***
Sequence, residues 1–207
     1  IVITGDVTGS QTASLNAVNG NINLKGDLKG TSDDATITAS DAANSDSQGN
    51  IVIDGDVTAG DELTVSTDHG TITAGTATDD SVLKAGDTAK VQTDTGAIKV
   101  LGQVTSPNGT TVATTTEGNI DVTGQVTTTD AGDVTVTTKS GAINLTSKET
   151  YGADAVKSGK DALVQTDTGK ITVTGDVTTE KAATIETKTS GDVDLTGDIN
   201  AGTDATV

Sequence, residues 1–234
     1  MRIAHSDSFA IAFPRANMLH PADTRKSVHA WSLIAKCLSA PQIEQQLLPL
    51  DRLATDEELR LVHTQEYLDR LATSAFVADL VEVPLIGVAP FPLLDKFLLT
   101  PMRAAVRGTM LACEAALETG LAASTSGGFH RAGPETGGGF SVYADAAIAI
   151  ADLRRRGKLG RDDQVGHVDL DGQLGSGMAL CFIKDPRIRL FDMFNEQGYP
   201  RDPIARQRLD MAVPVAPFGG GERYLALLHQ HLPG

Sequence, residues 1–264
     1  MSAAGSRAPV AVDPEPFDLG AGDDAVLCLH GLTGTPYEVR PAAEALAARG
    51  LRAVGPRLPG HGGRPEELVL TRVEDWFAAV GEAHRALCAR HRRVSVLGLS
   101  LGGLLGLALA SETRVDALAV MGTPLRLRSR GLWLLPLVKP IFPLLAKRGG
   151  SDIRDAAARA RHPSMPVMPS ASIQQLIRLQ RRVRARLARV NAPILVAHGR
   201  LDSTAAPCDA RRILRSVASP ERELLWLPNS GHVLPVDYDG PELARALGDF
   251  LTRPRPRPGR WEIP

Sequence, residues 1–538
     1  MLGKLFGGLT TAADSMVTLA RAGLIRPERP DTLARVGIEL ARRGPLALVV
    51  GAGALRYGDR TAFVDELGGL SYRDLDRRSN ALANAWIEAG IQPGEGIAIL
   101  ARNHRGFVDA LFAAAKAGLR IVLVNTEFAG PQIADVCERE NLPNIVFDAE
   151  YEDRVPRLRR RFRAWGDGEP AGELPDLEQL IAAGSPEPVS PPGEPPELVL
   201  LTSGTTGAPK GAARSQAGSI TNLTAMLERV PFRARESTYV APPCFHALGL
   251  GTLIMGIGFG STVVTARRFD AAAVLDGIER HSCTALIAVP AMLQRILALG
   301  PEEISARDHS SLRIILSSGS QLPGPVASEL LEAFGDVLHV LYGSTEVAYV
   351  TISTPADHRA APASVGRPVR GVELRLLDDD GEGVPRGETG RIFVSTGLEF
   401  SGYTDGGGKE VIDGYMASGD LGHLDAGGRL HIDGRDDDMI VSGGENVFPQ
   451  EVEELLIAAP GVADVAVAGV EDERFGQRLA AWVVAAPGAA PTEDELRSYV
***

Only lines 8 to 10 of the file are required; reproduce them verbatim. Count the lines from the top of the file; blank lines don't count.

     1  MRIAHSDSFA IAFPRANMLH PADTRKSVHA WSLIAKCLSA PQIEQQLLPL
    51  DRLATDEELR LVHTQEYLDR LATSAFVADL VEVPLIGVAP FPLLDKFLLT
   101  PMRAAVRGTM LACEAALETG LAASTSGGFH RAGPETGGGF SVYADAAIAI